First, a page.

Walking in comfort

This week I was people watching, and noticing how early it is that we start to move in less than ideal ways. Watching a young man walk down the street outside a coffee shop (one of my first since Lockdown) I could see how he may have difficulties walking in later life, and where I would expect him to have pain, if he didn’t change anything about the way that he moves in the interim.

And the reality is, for many of us, its only when we experience pain or difficulty with some aspect of moving that we start to think that perhaps we need to do something about it. why not head it all off at the pass- we can’t change that we are aging, but we can change how we age. 

I’ve had a head start on re-thinking my walking: I spent much of my childhood in hospital (Great Ormond Street) having leg operations and in a great deal of pain when walking as my legs grew. I had painful nightly “exercises” where my parents had to force my legs straight and my ankles to right angles multiple times. I would have to not cry when it hurt, as it would make it too difficult for them to do it for me. I slept in full length splints to keep the legs straight, and the feet at right angles during the night. As you can imagine its pretty hard to sleep like that, and I was only allowed to take them off after a certain length of time (they were held on with vast amounts of velcro, so there was no sneaking them off without my parents or siblings hearing!)

I had to relearn to walk several times after very long periods in plaster. So my questions are fundamental: how can I stay walking and moving, with as little discomfort as possible, given that my legs never worked as well as everyone else’s? And at the end, although I have a different starting point, its a universal question.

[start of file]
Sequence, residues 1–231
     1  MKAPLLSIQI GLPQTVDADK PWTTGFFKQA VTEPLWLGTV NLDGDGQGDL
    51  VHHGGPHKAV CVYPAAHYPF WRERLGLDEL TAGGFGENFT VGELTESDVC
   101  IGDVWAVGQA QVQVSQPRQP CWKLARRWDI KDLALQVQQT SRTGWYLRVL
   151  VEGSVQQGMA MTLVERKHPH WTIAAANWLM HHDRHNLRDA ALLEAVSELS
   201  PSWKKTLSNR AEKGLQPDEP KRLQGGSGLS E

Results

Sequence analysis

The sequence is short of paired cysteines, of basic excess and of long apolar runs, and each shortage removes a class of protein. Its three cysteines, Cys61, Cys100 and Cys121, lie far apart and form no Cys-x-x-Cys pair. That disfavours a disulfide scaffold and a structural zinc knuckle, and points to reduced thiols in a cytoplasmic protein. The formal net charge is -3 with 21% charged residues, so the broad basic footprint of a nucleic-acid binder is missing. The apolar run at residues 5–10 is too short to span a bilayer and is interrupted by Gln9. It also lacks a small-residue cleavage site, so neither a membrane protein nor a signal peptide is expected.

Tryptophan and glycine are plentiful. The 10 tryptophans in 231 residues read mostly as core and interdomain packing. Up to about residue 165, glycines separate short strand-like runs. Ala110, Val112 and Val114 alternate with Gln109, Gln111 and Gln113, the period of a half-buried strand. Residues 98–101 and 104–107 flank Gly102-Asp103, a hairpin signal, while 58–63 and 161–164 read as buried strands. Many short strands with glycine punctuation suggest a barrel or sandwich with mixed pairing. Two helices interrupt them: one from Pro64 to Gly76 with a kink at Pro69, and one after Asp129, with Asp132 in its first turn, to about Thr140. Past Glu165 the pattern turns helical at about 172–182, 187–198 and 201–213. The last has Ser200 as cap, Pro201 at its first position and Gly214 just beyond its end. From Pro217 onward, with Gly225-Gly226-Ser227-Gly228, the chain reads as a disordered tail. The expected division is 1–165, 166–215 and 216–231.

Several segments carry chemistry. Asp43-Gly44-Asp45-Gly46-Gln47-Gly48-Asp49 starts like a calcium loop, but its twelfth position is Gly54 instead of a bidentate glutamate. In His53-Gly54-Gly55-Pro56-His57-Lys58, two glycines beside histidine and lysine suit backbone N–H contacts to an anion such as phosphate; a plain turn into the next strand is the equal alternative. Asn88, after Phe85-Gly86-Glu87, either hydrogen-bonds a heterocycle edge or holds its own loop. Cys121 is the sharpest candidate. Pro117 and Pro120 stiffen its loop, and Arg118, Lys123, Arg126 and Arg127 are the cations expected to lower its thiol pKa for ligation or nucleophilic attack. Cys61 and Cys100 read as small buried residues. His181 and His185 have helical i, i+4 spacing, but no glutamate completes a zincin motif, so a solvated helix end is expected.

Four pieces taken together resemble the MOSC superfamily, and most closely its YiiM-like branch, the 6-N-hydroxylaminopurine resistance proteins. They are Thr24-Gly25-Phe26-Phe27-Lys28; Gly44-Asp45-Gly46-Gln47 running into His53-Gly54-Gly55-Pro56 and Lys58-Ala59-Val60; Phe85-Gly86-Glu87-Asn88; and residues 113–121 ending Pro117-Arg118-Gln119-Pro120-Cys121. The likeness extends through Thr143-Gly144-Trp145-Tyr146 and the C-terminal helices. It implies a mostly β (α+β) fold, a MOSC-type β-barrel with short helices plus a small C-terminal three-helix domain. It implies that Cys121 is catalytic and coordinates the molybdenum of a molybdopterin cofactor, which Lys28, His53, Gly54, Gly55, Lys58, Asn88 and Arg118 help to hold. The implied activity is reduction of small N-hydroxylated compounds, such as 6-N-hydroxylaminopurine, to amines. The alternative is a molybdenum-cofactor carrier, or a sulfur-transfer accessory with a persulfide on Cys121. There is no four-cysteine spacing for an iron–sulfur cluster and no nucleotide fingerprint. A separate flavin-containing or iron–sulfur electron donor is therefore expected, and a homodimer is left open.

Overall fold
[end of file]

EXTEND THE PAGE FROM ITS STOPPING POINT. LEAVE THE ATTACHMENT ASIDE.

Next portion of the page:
Its the reason I came to Feldenkrais, why I use it as one of my main resources in continually working on improving the way I move, and along with it, my self image/sense of self has changed, grown and matured. And of course, now I share that knowledge in teaching the Method.

Seeing how my trainers moved during my training was one of the inspirations. All in their 60s+, and all moving like people far younger. One was Ruthy Alon, a trainer who studied with Feldenkrais herself for many years. She’s in her 80s, and moves with the fluency and elegance of a 16 year old.

In terms of improving how we move, and with it how we think and feel, to grow as a person, Feldenkrais is your best bet. Coming to a weekly class creates a learning opportunity to improve the quality of your movement, and thinking over a longer span of time. Its cumulative learning, like so much of the learning that we do organically.

Moshe Feldenkrais wrote that:
“Movement is life. Life is a process. Improve the quality of the process and you improve the quality of life itself.” 

If you’d like to know more about how to join me in weekly lessons, which as they’re on Zoom are accessible wherever you are, click here:


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